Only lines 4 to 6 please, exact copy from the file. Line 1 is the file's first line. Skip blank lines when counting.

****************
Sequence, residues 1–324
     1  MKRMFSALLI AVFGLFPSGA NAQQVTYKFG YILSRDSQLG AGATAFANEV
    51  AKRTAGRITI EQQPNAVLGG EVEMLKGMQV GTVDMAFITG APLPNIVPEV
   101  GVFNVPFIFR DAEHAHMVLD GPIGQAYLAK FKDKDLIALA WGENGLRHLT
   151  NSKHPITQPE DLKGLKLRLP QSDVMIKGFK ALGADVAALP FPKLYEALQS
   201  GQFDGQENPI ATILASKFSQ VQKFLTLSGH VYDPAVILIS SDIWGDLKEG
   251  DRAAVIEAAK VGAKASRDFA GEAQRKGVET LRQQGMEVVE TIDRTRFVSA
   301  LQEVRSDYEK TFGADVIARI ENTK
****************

   101  GVFNVPFIFR DAEHAHMVLD GPIGQAYLAK FKDKDLIALA WGENGLRHLT
   151  NSKHPITQPE DLKGLKLRLP QSDVMIKGFK ALGADVAALP FPKLYEALQS
   201  GQFDGQENPI ATILASKFSQ VQKFLTLSGH VYDPAVILIS SDIWGDLKEG